Copyright 2001 Reed Business Information, Inc. --This text refers to an out of print or unavailable edition of this title.

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Customer Reviews

4.1 out of 5 stars
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Top Customer Reviews

Format: Paperback
There is much that is admirable about the novella LYDIA CASSATT READING THE MORNING PAPER, and there is just as much that is annoying. Inescapably, this fictionalized biography of a valiant woman succumbing to a fatal illness has a subtext of pathos. Thus, hardly surprisingly, the story never quite is able to get past its own grim underlying reality.
At the same time, though author Harriet Scott Chessman is a wonderful writer, the book is so short that it seems as if she is cheating her readers. There have been several works of fiction in the recent past offering possible background accounts of famous artists, or their subjects, or of the periods during which their most famous works were created. The two similar books about Vermeer, GIRL IN HYACINTH BLUE and GIRL WITH PEARL EARRING, each are more fully formed than Lydia Cassatt's report is here. Maybe it is fair to say that this idea of writing a fiction around a well-regarded painting is an idea which has been worked, and worked successfully--and that it is past time for other authors to move along to new forms of inspiration.
It is jarring to read thoughts being put into the mind of Lydia Cassatt when the author has no way of knowing what Lydia might have been thinking. This device completely breaks the natural flow of the story. Of course, this always is a risk when any author writes a fictionalized account of an episode in a real person's life.
The detail of life in Paris, specifically the lives of rich expatriate Americans in that moment of Henry James and Edith Wharton, are vivid and fascinating. The exploration of the movement of Impressionist art at the very time when it still was being formed by artists then considered iconoclasts is the highlight of the book.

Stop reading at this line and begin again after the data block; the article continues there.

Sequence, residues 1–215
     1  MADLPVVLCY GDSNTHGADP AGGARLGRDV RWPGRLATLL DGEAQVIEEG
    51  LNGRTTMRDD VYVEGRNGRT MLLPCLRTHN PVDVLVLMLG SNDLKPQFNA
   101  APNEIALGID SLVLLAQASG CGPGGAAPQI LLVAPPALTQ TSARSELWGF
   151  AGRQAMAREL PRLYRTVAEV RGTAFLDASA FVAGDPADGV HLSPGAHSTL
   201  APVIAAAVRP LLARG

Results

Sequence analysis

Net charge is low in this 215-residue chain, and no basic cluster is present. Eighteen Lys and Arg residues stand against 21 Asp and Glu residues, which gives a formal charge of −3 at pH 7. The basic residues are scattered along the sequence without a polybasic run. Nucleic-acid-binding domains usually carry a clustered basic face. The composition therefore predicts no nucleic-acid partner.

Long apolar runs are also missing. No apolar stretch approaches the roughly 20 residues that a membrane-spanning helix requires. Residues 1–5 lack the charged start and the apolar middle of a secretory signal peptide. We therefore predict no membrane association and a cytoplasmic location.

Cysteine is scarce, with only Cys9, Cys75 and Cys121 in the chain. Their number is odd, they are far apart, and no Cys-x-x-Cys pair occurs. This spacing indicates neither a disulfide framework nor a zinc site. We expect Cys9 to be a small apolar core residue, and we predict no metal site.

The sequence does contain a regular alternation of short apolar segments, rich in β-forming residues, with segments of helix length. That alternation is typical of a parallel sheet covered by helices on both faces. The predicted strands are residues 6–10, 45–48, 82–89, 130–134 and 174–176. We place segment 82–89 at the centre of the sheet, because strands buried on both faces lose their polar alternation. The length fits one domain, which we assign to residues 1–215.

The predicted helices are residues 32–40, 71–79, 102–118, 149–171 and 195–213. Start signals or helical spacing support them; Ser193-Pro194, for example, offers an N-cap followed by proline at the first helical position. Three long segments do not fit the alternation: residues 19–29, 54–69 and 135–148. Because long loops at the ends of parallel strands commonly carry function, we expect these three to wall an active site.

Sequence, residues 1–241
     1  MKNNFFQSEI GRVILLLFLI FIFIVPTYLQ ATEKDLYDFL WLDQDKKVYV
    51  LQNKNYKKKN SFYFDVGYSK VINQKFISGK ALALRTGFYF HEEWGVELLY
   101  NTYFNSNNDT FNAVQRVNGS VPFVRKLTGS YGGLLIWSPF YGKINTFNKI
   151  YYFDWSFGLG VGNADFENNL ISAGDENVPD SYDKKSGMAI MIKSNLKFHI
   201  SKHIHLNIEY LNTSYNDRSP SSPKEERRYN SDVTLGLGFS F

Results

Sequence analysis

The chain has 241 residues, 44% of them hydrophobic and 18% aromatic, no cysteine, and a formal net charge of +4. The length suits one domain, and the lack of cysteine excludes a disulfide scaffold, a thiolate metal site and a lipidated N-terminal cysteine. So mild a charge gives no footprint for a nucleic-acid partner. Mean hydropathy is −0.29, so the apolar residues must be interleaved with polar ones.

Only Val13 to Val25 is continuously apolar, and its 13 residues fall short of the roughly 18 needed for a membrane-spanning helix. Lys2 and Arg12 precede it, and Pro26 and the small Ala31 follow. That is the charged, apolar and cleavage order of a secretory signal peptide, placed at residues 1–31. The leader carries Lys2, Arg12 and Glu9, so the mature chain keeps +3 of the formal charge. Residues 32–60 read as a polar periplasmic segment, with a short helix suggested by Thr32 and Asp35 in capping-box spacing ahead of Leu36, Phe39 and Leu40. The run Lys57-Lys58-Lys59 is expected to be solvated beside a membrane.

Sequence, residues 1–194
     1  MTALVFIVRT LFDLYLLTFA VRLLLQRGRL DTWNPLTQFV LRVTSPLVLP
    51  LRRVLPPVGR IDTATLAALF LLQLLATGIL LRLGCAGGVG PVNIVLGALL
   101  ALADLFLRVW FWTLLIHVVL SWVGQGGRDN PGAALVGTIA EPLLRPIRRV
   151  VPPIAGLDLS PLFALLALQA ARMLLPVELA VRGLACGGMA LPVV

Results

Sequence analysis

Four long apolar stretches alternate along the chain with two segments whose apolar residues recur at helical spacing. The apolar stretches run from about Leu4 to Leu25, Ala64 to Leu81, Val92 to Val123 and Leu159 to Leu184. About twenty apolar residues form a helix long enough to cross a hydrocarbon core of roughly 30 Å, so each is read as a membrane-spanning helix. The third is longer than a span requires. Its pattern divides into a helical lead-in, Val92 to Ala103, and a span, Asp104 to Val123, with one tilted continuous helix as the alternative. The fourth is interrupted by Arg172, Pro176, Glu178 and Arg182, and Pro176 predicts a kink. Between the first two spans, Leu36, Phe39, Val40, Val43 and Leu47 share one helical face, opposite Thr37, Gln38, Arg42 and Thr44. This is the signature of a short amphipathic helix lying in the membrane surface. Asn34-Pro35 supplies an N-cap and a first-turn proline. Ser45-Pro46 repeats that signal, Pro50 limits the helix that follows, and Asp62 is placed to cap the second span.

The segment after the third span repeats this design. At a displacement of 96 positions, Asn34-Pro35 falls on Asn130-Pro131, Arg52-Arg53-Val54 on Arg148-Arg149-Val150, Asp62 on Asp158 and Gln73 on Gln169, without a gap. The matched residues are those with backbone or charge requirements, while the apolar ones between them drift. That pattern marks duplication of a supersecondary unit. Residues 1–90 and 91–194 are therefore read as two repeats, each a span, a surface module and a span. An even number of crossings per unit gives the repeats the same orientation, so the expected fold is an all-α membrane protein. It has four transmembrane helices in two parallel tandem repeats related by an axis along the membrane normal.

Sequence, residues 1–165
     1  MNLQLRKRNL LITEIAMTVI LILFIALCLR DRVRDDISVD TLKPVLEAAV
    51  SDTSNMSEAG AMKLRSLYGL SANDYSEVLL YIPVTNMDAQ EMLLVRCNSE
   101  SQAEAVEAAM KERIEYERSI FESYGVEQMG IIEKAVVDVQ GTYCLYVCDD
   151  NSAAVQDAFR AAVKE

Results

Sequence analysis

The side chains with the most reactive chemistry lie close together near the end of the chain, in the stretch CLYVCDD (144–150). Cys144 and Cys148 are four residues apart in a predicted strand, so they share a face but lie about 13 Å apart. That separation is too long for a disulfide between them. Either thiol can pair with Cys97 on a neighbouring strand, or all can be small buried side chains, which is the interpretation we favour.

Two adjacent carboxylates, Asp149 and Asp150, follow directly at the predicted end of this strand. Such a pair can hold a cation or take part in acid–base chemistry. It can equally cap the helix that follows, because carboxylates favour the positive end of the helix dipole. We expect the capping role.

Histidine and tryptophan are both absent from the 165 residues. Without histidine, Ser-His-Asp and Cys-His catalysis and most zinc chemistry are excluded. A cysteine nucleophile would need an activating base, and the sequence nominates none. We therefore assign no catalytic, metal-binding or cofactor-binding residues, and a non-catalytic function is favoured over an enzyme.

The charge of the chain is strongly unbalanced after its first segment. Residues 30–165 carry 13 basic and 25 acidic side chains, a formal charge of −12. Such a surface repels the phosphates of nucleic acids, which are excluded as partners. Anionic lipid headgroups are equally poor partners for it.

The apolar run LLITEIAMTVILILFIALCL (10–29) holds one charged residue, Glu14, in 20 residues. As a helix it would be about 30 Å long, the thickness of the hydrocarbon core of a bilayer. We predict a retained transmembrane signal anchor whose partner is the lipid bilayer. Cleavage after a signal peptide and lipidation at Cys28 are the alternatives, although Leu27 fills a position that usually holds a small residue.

Physically, it is not overstating to say that LYDIA CASSATT READING THE MORNING PAPER is a beautiful little gem of a novella, illustrated as it is with small reproductions of the paintings at issue.
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Format: Paperback
Harriett Scott Chessman's prose moves with the deceptive beauty of a ballet dancer, its weightless grace diverting attention from the muscularity powering every gesture. Nothing is squandered, as this wisp-thin novel offers up more sharp-eyed observation and insight than books five times its girth.
Consider the narrator's description of Edgar Degas, whom she likens to a dog. "He bit into subjects --- the foolishness of one artist or another, the insipidity of someone's latest effort, I can't remember --- all the while his eyes lit on things in our apartment, with an air of studying and maybe breaking them: the tea set, the Japanese vase on the mantel, me."
LYDIA CASSATT READING THE MORNING PAPER is a fictionalized story based on the relationship between the American impressionist painter Mary Cassatt and her sister, Lydia, who narrates the story. The novel revolves around sessions in which Lydia poses for her sister. Lydia, 41, is dying of Bright's disease. On a good day, sitting and holding a newspaper while Mary paints her is physically exhausting. On a bad day, getting out of bed would be an impossible trick.